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Admiral Plastics Corp. v. Trueblood, Inc.
United States Court of Appeals for the Sixth Circuit
436 F.2d 1335 (1971)
Trueblood, Inc. (defendant) was under contract to build a new type of machine for Admiral Plastics Corporation (Admiral) (plaintiff) to use in making plastic containers, in return for which Admiral made a $29,812.50 down payment, which Trueblood deposited. Trueblood was to deliver the machines by December 1, 1966. Admiral was delinquent in furnishing full and accurate specifications, and Trueblood was delinquent in failing to furnish Admiral with detailed design drawings. After Trueblood missed the deadline and Admiral threatened legal action, Trueblood ceased all work on the machines, but retained Admiral’s down payment. Admiral sued Trueblood in federal district court. Trueblood filed a counterclaim. Each company attributed the breach of contract to the other’s initial failure to cooperate. Ohio law applied to the diversity case. The district court found that neither party acted in good faith nor cooperated in performing the contract, thereby voiding the document. Aside from ordering Trueblood to return Admiral’s down payment, the district court awarded no damages. Both parties appealed to the Sixth Circuit Court of Appeals.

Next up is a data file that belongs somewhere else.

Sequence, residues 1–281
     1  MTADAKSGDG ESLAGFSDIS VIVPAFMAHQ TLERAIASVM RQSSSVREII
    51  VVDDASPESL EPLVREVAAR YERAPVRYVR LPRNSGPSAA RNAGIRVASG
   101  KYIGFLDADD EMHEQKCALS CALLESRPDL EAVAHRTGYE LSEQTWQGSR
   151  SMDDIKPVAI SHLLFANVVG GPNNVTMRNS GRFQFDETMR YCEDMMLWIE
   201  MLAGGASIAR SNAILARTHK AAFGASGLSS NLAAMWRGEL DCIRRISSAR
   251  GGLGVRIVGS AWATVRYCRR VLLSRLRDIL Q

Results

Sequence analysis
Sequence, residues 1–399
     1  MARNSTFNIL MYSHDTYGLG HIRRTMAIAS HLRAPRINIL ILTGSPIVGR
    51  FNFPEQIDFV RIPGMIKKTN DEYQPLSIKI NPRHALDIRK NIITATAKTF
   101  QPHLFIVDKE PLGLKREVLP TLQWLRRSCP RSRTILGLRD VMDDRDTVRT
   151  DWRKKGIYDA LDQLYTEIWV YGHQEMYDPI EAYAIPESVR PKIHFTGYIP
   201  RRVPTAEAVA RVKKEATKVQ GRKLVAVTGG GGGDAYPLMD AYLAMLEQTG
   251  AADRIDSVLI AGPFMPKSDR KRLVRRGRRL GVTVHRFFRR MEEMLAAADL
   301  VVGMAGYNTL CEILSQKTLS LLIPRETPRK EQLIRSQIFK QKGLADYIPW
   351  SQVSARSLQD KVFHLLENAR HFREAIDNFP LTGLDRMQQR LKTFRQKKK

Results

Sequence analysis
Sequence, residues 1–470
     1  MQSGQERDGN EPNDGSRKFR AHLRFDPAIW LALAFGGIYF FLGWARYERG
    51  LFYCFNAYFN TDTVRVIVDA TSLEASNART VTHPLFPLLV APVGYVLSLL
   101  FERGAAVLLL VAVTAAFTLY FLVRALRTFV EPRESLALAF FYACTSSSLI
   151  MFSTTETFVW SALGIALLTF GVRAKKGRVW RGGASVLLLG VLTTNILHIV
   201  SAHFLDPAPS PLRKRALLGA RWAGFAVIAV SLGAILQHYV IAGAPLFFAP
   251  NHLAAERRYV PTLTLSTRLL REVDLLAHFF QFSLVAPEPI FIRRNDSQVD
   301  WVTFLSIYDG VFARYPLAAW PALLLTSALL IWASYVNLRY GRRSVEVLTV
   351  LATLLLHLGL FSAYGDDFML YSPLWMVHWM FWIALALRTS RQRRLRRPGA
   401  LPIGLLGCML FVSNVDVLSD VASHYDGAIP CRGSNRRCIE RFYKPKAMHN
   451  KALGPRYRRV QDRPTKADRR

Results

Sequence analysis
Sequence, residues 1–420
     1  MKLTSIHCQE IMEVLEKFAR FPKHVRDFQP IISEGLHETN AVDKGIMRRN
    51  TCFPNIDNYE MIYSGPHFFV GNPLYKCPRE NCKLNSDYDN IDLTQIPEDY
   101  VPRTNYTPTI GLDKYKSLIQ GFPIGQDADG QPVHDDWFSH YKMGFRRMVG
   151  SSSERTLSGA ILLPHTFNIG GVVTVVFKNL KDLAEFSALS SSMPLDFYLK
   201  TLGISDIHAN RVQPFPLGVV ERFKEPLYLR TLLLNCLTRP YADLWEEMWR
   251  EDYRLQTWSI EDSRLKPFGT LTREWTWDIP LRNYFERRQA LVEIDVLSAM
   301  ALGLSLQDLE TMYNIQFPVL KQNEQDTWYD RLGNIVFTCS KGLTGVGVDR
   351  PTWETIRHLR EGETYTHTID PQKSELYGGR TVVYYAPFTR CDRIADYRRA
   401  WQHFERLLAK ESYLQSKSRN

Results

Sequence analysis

Rule of Law
Holding and Reasoning (Weick, J.)
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